Ancient Crush

Yam lower stone for crushing olives AmitaiAsif

Photo: Amitai Asif

 

You’ve seen nations

Rise

And fall,

Felt oil

Extracted

From trees’ toil.

You’ve seen

The farmers

Tend the soil,

Bread dipped

To nourish

Heart and soul,

As children laughed

And played

And lived

And died

Through centuries of

War and spoil,

While you remained

Above the boil,

Till peace returns

For olives’ roil.

 

 

Note: The photo is of an ancient base stone (called “Yam” in Hebrew) of the grinding stones that are used for the first step of extracting oil from olives. A current-day olive grove can be seen in the background to the left. Olives were first domesticated about 6,000 years ago, likely in the Mediterranean basin. Documented history of deliberate oil pressing can be found as early as 4,500 years ago (around 2,500BCE).

To this day, making olive oil involves several stages of crushing and rinsing to extract the oil. In many places, olives are still harvested by hand or by beating the fruit off of the trees. The olives are then washed, and crushed by milling stones (traditionally between a bottom stone like the one in the photo and one or two mill stone that stand perpendicular to it and roll around the base stone). The millstone/s were historically moved by use of man-power or animal power, and in some places still are. The pulp is placed in woven bags or baskets, then the baskets themselves are pressed. The liquid from the press bags gets drawn into a reservoir where oil is left to settle and separate. Oil is then skimmed off and allowed to settle again, sometimes repeatedly, to remove impurities.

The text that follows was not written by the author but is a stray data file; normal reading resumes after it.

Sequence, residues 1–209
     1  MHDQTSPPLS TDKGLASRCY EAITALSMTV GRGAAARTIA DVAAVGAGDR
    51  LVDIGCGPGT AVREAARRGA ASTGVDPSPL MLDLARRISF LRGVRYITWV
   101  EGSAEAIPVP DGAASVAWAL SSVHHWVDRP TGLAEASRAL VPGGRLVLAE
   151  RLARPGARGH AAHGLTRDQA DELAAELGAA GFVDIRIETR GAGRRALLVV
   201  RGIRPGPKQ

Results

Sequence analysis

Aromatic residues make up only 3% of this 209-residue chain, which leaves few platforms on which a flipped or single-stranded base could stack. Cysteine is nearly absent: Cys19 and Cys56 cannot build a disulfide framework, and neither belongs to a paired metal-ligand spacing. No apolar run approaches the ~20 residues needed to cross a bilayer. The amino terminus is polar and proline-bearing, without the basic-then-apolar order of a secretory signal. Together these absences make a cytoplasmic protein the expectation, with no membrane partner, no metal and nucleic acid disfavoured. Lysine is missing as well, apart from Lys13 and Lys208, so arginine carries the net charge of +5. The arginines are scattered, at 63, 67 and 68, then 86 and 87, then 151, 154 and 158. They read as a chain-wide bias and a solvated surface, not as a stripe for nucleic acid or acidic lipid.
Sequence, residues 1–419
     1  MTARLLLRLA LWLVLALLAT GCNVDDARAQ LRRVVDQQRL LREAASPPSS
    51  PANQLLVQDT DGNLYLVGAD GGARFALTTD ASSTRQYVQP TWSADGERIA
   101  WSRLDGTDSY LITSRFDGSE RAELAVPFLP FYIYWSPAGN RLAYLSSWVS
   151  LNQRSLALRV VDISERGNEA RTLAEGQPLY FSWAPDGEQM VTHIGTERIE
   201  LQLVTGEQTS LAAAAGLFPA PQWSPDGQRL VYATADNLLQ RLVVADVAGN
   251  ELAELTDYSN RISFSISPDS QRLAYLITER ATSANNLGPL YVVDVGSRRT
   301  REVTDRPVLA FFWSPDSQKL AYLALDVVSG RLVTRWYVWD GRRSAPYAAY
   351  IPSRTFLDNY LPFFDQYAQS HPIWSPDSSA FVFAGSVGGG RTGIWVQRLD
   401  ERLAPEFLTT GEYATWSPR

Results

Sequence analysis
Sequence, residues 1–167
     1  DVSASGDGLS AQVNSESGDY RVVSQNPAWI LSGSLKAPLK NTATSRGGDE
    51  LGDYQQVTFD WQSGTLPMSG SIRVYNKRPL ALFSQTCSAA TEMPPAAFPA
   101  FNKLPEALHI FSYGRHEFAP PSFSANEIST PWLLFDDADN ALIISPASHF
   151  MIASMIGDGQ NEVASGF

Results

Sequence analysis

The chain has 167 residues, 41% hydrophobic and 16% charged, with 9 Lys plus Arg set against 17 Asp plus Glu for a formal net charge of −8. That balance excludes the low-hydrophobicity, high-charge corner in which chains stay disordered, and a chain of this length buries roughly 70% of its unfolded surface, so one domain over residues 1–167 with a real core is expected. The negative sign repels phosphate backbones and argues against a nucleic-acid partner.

For the Tuesday Photo Challenge: Ancient

 

 

Churn and Roil

churn AtaraKatz

Photo: Atara Katz

 

In the winds

Of turmoil,

Hold on tight

Don’t recoil.

For all change,

Churn and roil,

Shapes the earth

Feeds the soil.

 

 

For The Daily Post

Keep Your Peace

A quote for today … a reminder …

inner peace

Maintaining Inner Peace …

It does not mean to have apathy to what is happening. It does not mean you don’t care. It does not mean that things do not touch your heart. It does not mean you have no feelings about what is wrong and should not ever be happening, but is.

It does mean keeping your center.

It does mean holding hope.

It means to not be swept up by anger, hate, frustration, worry, pain … Instead it calls for keeping a boundary of compassion (toward self and others) illuminated in kind care around one’s heart … to keep the dark in check, so it not wriggle in to take a hold.

It means acknowledging that darkness offers an opportunity for contrast, that in its universal way, it even serves to balance. Day and Night. Light and Dark. A difficult lesson. One I still do not fully understand.

It means seeking beauty. Seeing beyond the swirls and eddies. Smiling at the multitude of good. It never left: it is already–always has been, will be–there.

It means remembering what can be done. Not losing compass for the path that can be taken and still matters–integrity, empathy, listening. The way of heart.

Maintaining Inner Peace … It is a gentle breeze of calm in winds of other feelings. A sphere of peace, even in the midst of chaos. A home for the soul. A hand to offer without being pulled or tugging. A being.

Hope can be, is, restored.

And so it is …

peaceful